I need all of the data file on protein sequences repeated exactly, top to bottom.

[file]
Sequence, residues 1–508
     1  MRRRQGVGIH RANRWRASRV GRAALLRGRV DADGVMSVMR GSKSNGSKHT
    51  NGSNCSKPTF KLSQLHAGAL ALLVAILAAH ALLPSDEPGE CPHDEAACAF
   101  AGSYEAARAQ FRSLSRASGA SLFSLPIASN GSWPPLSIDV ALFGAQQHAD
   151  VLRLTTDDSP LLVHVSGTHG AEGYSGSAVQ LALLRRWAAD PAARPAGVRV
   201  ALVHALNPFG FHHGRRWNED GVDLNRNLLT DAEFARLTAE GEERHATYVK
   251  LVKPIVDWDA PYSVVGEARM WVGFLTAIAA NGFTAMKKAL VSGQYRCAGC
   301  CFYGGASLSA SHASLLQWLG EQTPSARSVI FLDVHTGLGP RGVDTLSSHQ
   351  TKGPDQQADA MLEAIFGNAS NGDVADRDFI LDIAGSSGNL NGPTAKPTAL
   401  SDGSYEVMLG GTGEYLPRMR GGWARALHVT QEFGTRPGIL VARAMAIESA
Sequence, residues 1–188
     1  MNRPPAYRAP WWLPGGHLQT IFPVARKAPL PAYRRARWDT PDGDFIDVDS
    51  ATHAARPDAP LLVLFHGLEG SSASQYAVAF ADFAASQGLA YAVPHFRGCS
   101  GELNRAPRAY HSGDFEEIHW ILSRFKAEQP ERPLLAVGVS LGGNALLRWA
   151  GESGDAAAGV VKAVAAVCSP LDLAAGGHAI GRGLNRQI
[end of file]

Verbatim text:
Sequence, residues 1–508
     1  MRRRQGVGIH RANRWRASRV GRAALLRGRV DADGVMSVMR GSKSNGSKHT
    51  NGSNCSKPTF KLSQLHAGAL ALLVAILAAH ALLPSDEPGE CPHDEAACAF
   101  AGSYEAARAQ FRSLSRASGA SLFSLPIASN GSWPPLSIDV ALFGAQQHAD
   151  VLRLTTDDSP LLVHVSGTHG AEGYSGSAVQ LALLRRWAAD PAARPAGVRV
   201  ALVHALNPFG FHHGRRWNED GVDLNRNLLT DAEFARLTAE GEERHATYVK
   251  LVKPIVDWDA PYSVVGEARM WVGFLTAIAA NGFTAMKKAL VSGQYRCAGC
   301  CFYGGASLSA SHASLLQWLG EQTPSARSVI FLDVHTGLGP RGVDTLSSHQ
   351  TKGPDQQADA MLEAIFGNAS NGDVADRDFI LDIAGSSGNL NGPTAKPTAL
   401  SDGSYEVMLG GTGEYLPRMR GGWARALHVT QEFGTRPGIL VARAMAIESA
Sequence, residues 1–188
     1  MNRPPAYRAP WWLPGGHLQT IFPVARKAPL PAYRRARWDT PDGDFIDVDS
    51  ATHAARPDAP LLVLFHGLEG SSASQYAVAF ADFAASQGLA YAVPHFRGCS
   101  GELNRAPRAY HSGDFEEIHW ILSRFKAEQP ERPLLAVGVS LGGNALLRWA
   151  GESGDAAAGV VKAVAAVCSP LDLAAGGHAI GRGLNRQI